By Liz Shepherd
ROCHESTER — The grandparents of a teenager who was severely injured in an October 2018 accident while he was trying to board a school bus are seeking restitution from Alyssa Shepherd, the 27-year-old motorist who hit him with her vehicle.
Maverik Lowe was 11 years old on Oct. 30, 2018, when he was hit by Shepherd after she disregarded a Tippecanoe Valley school bus that had stopped to pick up students along SR 25, just north of Rochester.
Three children, six-year-old twins Xzavier and Mason Ingle; and their sister, nine-year-old Alivia Stahl, died at the scene. Lowe was severely injured in the accident and was flown from the scene.
Shepherd is currently incarcerated in the Rockville Correctional Facility, with her earliest possible release date being March 18, 2022.
Since then, Lowe, now 14, has undergone more than 20 surgeries, including a knee replacement.
Marlene and Andrew Pletcher, Lowe’s grandparents, attended a restitution hearing on Friday, Sept. 10, in Fulton Superior Court. Shepherd was not at the proceedings, having waived her right to be present in a physical or virtual manner. Chief Deputy Prosecutor Rachel Arndt represented the state; Shepherd was represented by Stacy Uliana, the attorney who represented her during her appeal process.
The Pletchers have had guardianship of Lowe since 2019. Lowe’s mother, Jocelynne Lowe, is currently incarcerated on drug charges.
During court proceedings, the Pletchers said all of the funds from a GoFundMe page created to cover Lowe’s medical expenses went to Jocelynne. They also said they were not involved in any civil suits with Tippecanoe Valley Schools or Shepherd.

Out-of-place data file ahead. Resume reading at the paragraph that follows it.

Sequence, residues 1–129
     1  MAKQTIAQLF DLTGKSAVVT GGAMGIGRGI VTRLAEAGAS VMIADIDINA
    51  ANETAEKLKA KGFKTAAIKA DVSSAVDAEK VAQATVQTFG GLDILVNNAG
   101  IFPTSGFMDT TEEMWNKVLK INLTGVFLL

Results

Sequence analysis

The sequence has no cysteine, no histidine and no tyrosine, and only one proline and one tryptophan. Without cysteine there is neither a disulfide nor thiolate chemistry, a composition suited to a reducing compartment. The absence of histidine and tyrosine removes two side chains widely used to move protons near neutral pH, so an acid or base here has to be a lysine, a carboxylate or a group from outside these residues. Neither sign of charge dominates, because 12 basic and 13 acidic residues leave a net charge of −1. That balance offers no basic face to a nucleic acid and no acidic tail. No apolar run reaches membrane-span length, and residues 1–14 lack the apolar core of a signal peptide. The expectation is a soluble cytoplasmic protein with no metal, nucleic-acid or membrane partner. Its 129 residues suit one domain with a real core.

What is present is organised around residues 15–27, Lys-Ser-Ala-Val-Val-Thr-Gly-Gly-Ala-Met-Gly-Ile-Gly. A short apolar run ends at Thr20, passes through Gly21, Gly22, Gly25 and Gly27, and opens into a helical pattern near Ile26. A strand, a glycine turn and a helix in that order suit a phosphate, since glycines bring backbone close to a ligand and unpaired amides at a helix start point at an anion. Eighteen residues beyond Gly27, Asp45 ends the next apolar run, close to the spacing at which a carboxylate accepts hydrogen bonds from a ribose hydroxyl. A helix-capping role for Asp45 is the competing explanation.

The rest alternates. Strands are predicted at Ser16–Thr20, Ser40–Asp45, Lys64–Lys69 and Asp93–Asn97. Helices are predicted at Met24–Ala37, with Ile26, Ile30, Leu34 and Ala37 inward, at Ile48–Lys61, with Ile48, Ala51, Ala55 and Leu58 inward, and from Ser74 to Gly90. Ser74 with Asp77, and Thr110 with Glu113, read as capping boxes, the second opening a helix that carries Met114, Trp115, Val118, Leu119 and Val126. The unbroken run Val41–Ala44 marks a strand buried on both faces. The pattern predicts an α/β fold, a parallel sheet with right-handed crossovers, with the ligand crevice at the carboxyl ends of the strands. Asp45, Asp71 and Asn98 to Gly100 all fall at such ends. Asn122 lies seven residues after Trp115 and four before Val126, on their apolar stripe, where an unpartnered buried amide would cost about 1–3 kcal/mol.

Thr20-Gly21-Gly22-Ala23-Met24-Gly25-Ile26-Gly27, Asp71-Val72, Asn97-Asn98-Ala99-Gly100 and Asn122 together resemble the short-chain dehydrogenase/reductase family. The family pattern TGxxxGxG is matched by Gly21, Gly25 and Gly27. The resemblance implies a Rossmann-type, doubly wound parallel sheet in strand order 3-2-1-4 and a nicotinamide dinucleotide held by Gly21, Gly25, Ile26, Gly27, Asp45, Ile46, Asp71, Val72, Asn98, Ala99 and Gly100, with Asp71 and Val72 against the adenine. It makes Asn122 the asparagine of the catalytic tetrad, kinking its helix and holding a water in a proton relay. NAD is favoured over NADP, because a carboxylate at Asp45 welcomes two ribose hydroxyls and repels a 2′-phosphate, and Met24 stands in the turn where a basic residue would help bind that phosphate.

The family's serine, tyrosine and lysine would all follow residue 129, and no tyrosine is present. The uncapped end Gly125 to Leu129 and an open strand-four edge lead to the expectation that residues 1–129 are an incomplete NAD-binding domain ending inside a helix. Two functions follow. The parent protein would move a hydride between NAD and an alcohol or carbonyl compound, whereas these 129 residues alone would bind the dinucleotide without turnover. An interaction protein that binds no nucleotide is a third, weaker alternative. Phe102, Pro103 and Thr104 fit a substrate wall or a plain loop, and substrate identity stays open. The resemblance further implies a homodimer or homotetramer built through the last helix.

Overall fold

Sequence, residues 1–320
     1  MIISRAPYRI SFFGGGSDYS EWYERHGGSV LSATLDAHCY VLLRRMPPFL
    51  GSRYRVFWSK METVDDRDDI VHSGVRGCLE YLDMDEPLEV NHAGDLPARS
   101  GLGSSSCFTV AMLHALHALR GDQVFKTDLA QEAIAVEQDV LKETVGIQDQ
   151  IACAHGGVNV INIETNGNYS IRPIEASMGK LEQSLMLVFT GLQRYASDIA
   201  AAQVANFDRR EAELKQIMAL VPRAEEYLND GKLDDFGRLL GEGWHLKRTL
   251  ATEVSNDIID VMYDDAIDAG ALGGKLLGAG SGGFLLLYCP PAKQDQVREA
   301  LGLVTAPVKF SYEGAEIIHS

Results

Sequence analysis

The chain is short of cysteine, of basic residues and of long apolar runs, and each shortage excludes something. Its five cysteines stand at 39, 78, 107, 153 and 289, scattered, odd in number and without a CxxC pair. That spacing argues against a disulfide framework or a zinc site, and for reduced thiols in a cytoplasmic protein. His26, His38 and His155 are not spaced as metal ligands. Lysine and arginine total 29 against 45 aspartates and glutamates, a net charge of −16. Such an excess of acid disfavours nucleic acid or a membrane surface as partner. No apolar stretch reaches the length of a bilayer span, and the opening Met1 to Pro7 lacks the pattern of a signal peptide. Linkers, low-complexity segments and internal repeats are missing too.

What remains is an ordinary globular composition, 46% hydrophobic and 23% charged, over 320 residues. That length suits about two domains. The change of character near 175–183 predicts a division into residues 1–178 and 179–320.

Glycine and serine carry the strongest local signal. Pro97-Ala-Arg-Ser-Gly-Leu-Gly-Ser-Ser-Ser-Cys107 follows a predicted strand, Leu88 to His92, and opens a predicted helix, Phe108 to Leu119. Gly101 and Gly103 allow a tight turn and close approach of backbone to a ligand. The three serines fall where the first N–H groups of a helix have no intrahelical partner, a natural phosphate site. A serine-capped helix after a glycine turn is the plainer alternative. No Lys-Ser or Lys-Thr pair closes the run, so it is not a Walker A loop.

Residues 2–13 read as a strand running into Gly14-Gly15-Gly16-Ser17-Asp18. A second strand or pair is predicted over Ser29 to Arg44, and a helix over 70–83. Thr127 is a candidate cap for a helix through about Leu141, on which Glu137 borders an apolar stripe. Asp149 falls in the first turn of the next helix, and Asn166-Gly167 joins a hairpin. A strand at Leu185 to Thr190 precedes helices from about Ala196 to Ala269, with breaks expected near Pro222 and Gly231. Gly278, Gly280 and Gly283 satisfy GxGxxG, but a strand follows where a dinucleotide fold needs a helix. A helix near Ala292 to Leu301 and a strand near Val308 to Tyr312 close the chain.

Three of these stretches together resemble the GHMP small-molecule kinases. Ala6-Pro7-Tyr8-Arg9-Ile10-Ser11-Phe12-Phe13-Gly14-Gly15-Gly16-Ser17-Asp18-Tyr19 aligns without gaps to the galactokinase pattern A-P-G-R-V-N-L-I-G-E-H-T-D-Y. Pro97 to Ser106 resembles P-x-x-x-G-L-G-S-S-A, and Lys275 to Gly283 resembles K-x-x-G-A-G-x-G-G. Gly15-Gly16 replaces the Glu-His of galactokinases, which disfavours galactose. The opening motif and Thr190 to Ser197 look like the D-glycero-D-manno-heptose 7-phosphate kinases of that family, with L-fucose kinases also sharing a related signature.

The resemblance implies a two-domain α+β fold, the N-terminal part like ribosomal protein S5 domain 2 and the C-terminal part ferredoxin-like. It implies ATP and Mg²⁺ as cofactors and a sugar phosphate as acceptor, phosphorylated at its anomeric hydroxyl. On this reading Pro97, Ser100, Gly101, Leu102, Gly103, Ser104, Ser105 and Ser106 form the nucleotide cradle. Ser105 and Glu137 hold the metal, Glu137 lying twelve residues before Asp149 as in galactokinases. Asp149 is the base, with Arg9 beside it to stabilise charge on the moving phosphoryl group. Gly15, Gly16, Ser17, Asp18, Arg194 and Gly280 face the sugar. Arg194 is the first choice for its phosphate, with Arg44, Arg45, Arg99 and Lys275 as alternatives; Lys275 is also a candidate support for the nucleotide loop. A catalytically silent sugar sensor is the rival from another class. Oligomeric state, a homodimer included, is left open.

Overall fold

The Pletchers were with Lowe from the day of the accident up to his release from the hospital. They argued that during that time, they incurred about $5,330 in lost wages, as well as $1,600 for hotel stays, and $500 in gas costs for taking Lowe to and from medical appointments.
Lowe’s grandparents also spent about $29,000 on a new vehicle with more room for Lowe to sit in. Following the accident, Lowe could not sit normally in a vehicle and had to have his injured leg fully extended. Andrew Fletcher said the backseat in their former vehicle was too narrow. If the seats were laid out, Lowe would not have had access to a seatbelt.
Arndt presented a summary of restitution amounts to the court for consideration. The amount, totaling $86,399.37, includes money that Lowe’s mother spent on a wheelchair-accessible home in Akron. Arndt argued that the Pletchers hadn’t received any type of financial compensation for the expenses they’ve incurred on Lowe’s behalf.
“They were not compensated, they were not part of the settlement, they were not part of the GoFundMe,” said Arndt.
Uliana focused on the state’s restitution statute, arguing that some expenses listed by the state did not apply to that. She agreed that the Pletchers are entitled to lost wages based on their testimonies, but said they were not entitled to be compensated for their hotel lodging and vehicle. Uliana also expressed confusion about the Lowe home being included in the restitution and said more testimony for that account was needed.
Fulton Superior Court Judge Gregory Heller asked Arndt and Uliana to each submit a short memo by Oct. 12 on their arguments and evidence. A decision as to whether the Pletchers will receive restitution for the costs they incurred as a result of Lowe’s accident was not made during Friday’s proceedings.